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THE ASHBURTON STEAM BREWERY.

[By Our Special Reporter.] Some important alterationshaving'been v ; lately carried out at this well-known brewery in CatUerorl street, I yesterday ° took an opportunity of paying it a visit, t and seeing for myself what the enterprising proprietors have been about. • But before I proceed to describe what c I saw, let me jot down a few particu- * lars respecting the history of this favorite residence of Sir John Barley- s corn. The brewery has been established j about four years, and, like other local ] industries, has grown with the place* 1 Like all prudent people, the proprietors , commenced in a humble way, com- i paratively speaking, confident that the ' quality of the goods turned out would . sooner or later be recognised by the ' public and thus necessitate the exten- | si on of the business. The weekly brewr was at first only about 10 hogsheads, aid three working hands were all that . it was found necessary to employ. The firm is now employing seven hands, and turning out 24 hogsheads per week, while it possesses all the appliances on the premises for tripling the brew within the same period. In addition to this an entirely new branch of the business has been lately developed; this is the bottling. The firm is now disposing of 50 dozens of bottled ale and stout per week, and can hardly keep pace with the demand at that. The premises at present comprise a large two-storied building of corrugated iron, 50ft x 25ft, this contains the brewery proper, a large store-room, the office, small malt-house, tun-room, malt bin, etc. This bin contains at the present time 2,000 bushels —its utmost good old English malt. Close by is the hop room, containing a large quantity of both English and : Nelson hops; and an underground : cellar extending the whole length of the r building. At the rear of this building I is a wooden bottling store. And now, to come to the improvements. The r tun-room has been partitioned off — ; completely isolated by stout brick walls - —the object being to secure * the . equalisation of the temperature, and , the experiment is found to answer ; admirably. The merest tyro in these t matters knows how essential it is to t secure a tolerably equal temperature - for the beer in the great vat or tun — 1 here a huge vessel, approached by a '. short ladder, and large enough to > accommodate a swimmer. A short , and steep ladder to the left of 1 the tun-room conducts the visitor j to the spacious cellar, where row f upon row of casks are ranged—a 2 veritable wilderness of beer. The visitor’s first exclamation upon reaching these lower regions, is “ How beauti--3 fully cool !” upstairs the heat and * bustle and noise are a little oppressive. Here it is as cool as in a well-kept dairy. This cellar of which the pro- :- prietors are justly proud, has recently . been greatly improved. Bricks and mortar have replaced wood and iron, with the result that the cellar is 10 deg. cooler than it was formerly. There } are it seems 100 hogsheads of beer in [ the cellar at the present time. The 2 firm turns out three kinds of ale, and a special brew of stout as well. An inr vitation from my conductor to *■ “ sample ” the manufactures is readily 2 accepted, for talking is dry work, and 1 the weather warm enough to render 5 such a glass of beer as the cellar » affords “ drawn from the wood,” by no * means to be sneezed at. The beer trickles into the little tumbler most in--4 vitingly, and being held up to the light, proves to be as clear as sherry, and 3 goes as clean off the palate as cham--1 pagne. This, it appears, is the “ or--2 dinary beer,” but whatever it is—it is uncommonly good, as the numerous * clients seem to think. Large as is this : cellar, it is in contemplation by the I proprietors to double its size shortly. | It will then, with a holding capacity of : 200 hogsheads, be amongst the largest cellars in the colony. The object of making this addition, is to enable the brewers to brew stock ales during the winter for use in the ensuing summer—--1 an advantage to the buyer, which he 1 will doubtless appreciate. We have ' called it the Ashburton Steam Brewery, because every operation from the : simplest tothe most complex is effected, 1 wherever possible, by steam power. In the cellar, for instance, is a steam chain-hoist for raising the casks from the underground regions to the floor ot the store-house above, backed up against the doors of which the carts are waiting to convey the beer to the customers. The firm now does all its own coopering, keeping a cooper constantly employed in manufacturing new casks and repairing old ones. The proprietors are about to effect another great improvement. This is the erection of a two-storied malt-house, 80 by 30, of brick faced with stone. Judging from the plans, the building will be a very neat and tasteful one. The ground-floor will form the “growing floor,” as it is technically called, where the grain having been steeped in water, will be spread to germinate. The upper-floor of the building will be used for malt and barley storage. The Ashburton Brewery will be the first brewery in the County to manufacture its own malt, and when all the arrangements are completed, the firm will be able to turn out 400 bushels of malt per week. The appliances at this brewery are all of the latest and most approved kind, and wherever the introduction of labor-saving machinery has been possible, it has been introduced. Thus the bottling and filling machines are capable of turning out xoo dozen a day. The firm has carried off numerous prizes for its goods. At the Industrial Exhibition held at Ashburton in March last, the ale and stout from this brewery secured three first and three second awards. 1 In 1879, at the Christchurch Agricul- j tural and Pastoral Show, the same i goods carried off first and second , honors, while at our own local annual j shows the firm have also been large , prize takers. We understand that they i are going to exhibit their goods, both ( ale and stout, at the forthcoming In- x ternational Exhibition at Christchurch. ,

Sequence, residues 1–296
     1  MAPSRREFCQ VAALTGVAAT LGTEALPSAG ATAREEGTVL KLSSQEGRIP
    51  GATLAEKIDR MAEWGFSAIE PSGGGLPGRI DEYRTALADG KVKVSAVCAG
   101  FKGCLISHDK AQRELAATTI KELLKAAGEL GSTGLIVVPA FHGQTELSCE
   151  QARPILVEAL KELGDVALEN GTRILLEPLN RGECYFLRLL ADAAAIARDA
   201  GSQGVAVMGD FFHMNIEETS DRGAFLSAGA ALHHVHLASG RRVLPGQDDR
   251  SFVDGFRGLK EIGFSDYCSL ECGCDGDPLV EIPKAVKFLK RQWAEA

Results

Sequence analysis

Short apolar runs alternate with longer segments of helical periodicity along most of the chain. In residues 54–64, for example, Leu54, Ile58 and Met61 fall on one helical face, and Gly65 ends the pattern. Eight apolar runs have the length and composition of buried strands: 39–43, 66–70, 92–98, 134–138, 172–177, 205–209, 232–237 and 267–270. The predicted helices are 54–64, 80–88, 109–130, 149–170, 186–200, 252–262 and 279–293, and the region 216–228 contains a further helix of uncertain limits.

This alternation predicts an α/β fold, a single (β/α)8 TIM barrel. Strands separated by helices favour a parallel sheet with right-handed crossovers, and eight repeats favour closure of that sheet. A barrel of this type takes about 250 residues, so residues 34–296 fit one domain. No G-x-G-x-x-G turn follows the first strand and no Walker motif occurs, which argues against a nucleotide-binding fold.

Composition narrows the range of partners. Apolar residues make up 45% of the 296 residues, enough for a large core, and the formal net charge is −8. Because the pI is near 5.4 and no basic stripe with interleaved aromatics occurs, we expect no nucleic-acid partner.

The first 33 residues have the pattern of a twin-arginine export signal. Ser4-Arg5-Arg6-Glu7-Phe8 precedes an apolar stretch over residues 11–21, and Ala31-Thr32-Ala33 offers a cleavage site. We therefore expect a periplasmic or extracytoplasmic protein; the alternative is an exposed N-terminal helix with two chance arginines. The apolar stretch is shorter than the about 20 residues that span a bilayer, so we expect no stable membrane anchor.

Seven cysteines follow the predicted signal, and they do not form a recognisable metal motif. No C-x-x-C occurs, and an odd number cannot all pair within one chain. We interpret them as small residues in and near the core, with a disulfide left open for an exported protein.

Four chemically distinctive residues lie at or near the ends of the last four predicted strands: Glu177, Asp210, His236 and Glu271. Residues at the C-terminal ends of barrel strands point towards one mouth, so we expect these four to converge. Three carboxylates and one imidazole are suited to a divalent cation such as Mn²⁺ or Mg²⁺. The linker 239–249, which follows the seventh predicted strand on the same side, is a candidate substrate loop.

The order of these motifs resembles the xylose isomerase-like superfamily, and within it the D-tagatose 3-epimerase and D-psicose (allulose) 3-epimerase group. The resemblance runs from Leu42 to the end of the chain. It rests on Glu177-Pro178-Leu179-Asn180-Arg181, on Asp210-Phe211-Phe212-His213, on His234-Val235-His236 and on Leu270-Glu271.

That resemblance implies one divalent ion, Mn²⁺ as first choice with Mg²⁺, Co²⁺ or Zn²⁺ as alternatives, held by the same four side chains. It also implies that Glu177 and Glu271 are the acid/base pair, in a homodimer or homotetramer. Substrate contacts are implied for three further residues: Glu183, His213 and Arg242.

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http://paperspast.natlib.govt.nz/newspapers/AG18820131.2.13

Bibliographic details

THE ASHBURTON STEAM BREWERY., Ashburton Guardian, Volume III, Issue 548, 31 January 1882

Word Count
1,060

THE ASHBURTON STEAM BREWERY. Ashburton Guardian, Volume III, Issue 548, 31 January 1882